In my opinion, the best field trip so far was our visit to Kompong Kleang village. We spent the day on the Tonle Sap with an incredibly generous local family learning about fishing livelihoods and fish diversity. They endured us clumsy, goofy foreigners clambering onto their boats, conducting morphological observations of species on the floor of their kitchen, and laughed at us when we tried to pick up an especially slippery fish.
The best part of the whole day, in my eyes, was an epic boat-switch. Our hosts spent a good deal of time trying to start finicky boat motors, so our professor, Dr. Chouly Ou, decided with some of the boat drivers to swap our boat. Some of us made the switch in the middle of the water, but by that time our original boat was working, and the driver zoomed off with part of our group! Chouly just shrugged and said, “I guess we’ll meet them out there.” This situation added a little time onto our initial schedule, and may not have been what was originally planned, but it reminded me of the need for flexibility and humor in the study abroad experience. It showed me that no matter how prepared our wonderful professors and staff happened to be, the field experience may present unexpected challenges. Chouly especially inspired me to keep a positive attitude in the face of disruptions.
We eventually made it into the seasonally flooded forest, after a breezy and scenic ride past floating and stilted homes. The seasonally flooded forest habitat was unlike anything I’ve ever seen. The farther we wove into it between trees that are submerged only during the rainy season (when the Tonle Sap’s water level rises by about 8 meters), the more I felt like I was in another world. We stopped at the family’s traps and watched as one of the brothers dove under for long periods of time and surfaced with traps full of catfish, carp, and gourami. They also pulled up their giant bamboo trap and his younger brother climbed in and scooped fish straight from the trap into the boat.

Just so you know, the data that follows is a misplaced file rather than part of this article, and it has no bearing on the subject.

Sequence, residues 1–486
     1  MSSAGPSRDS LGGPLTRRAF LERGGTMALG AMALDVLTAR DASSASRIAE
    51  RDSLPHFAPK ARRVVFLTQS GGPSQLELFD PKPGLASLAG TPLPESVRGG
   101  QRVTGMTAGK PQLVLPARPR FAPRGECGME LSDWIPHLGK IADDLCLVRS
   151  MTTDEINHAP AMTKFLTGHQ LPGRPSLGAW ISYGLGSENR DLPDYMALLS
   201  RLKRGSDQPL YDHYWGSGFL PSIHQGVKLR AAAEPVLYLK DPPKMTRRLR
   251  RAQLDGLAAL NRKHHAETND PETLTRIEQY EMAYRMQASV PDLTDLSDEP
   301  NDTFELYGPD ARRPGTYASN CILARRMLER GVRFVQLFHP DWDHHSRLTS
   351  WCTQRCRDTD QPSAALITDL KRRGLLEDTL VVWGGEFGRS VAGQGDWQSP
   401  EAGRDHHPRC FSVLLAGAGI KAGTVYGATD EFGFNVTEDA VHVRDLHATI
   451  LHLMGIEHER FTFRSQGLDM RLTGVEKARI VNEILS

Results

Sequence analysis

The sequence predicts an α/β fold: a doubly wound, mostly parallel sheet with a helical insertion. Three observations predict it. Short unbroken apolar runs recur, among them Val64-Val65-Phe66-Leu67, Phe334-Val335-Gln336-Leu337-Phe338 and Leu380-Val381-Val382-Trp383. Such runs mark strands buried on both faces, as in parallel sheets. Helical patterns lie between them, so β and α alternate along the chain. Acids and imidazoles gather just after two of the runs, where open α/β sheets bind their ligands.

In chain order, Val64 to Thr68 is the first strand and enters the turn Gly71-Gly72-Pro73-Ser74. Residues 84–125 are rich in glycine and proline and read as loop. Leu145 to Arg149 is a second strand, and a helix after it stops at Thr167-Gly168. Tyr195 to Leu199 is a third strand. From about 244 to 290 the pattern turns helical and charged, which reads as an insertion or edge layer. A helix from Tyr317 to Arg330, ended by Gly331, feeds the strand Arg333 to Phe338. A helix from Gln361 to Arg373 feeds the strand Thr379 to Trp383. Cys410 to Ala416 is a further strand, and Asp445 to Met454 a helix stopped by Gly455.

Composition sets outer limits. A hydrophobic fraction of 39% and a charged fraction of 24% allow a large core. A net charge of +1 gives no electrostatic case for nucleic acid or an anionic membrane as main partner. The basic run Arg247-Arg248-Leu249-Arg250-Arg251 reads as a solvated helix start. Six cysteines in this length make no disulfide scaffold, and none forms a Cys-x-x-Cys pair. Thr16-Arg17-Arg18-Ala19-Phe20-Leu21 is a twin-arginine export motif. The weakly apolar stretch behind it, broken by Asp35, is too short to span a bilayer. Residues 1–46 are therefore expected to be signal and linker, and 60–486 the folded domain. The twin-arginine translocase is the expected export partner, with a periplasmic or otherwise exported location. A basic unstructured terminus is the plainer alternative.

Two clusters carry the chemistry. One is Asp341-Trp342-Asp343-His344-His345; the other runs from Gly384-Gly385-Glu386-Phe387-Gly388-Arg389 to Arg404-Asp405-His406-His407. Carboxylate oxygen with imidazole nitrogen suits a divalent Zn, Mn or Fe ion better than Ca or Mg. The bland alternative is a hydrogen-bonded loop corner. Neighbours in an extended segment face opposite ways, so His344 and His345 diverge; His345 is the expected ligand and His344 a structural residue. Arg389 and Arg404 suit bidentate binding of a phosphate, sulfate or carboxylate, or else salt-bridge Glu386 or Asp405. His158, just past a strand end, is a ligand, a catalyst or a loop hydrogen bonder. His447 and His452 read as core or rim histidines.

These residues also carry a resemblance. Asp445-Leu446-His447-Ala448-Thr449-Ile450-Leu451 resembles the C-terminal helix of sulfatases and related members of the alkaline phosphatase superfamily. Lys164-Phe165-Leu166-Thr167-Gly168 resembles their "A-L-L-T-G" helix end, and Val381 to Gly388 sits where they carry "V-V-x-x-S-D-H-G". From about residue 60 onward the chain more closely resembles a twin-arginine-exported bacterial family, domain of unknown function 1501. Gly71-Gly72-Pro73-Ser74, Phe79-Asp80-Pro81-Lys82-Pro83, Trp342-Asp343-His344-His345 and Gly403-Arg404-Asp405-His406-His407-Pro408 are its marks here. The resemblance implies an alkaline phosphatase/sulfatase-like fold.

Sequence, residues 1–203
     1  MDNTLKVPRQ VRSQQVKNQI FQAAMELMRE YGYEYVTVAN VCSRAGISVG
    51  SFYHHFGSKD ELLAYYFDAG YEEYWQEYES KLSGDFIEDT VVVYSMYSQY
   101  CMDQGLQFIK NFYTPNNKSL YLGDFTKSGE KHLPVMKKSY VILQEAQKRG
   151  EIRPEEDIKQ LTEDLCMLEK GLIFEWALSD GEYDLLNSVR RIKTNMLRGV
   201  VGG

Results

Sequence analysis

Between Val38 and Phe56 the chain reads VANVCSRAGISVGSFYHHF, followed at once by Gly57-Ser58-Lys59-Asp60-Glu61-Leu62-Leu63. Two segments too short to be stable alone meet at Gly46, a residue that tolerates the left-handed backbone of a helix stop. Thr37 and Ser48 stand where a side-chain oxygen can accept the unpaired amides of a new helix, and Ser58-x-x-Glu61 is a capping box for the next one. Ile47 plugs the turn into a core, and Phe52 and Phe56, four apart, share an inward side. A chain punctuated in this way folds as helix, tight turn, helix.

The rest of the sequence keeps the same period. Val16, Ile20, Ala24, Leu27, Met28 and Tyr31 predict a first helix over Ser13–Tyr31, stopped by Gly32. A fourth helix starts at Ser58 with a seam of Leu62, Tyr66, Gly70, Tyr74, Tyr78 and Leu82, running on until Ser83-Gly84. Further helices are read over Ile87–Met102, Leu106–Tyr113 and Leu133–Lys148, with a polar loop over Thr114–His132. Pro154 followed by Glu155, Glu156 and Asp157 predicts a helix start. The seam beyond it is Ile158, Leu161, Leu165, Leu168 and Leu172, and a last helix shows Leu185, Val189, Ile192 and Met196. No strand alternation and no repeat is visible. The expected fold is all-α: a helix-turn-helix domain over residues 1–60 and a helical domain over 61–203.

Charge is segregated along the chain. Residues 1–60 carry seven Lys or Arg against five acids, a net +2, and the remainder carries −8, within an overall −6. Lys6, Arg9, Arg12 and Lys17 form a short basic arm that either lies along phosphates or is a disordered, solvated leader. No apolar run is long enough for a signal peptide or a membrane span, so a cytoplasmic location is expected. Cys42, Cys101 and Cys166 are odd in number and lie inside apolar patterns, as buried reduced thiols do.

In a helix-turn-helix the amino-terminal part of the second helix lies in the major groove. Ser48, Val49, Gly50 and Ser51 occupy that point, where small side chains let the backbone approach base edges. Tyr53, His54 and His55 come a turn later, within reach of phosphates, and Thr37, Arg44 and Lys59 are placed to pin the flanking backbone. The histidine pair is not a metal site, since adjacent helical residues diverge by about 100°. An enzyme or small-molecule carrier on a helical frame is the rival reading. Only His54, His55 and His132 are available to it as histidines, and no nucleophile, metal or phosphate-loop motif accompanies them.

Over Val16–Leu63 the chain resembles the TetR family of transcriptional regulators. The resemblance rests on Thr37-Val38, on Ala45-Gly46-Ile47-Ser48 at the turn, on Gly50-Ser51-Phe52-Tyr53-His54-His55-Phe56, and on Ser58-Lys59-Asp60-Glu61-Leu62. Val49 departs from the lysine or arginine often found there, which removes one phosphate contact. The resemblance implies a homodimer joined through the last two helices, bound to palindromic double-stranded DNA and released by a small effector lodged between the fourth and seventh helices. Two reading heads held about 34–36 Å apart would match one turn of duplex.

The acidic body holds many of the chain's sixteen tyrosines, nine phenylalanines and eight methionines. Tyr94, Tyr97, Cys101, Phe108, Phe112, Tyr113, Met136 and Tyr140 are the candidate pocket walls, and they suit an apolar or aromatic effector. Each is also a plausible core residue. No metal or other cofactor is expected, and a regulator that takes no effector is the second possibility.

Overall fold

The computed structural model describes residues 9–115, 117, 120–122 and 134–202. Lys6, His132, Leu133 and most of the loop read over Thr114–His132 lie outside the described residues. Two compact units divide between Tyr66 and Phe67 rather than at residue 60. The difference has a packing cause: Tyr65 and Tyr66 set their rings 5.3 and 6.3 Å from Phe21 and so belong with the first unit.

On our way back to the house, we saw a Greater Adjutant! We’d seen one in captivity at the Angkor Centre for Conservation of Biodiversity, but it was even more impressive in the wild. These giant storks with funky looking throat sacs are endangered, so I never thought I’d catch a glimpse of one in its natural habitat.
Back at the family’s home, we measured, studied, and identified various fish species. We then conducted a livelihood interview with the six family members present, learning about their main sources of income and day-to-day roles. We returned back to the Center sweaty, smelling of fish (the family sent us home with one, which we ate for dinner), and looking forward to the next time we’d be back on the lake! All in all it was an incredible, eye-opening experience. And one that not many tourists have access to!
Stilted homes along the Tonle Sap
The seasonally flooded forest.
The Greater Adjutant! Not the most beautiful of birds, but impressive nonetheless.
Field booking for Conservation Science and Practice. We each picked a fish from the catch, measured it, described it, made predictions about its habitat and eating behavior based on mouth position, and then ultimately looked up its species. Mine was a Moonlight Gourami or Trichopodus microlepis.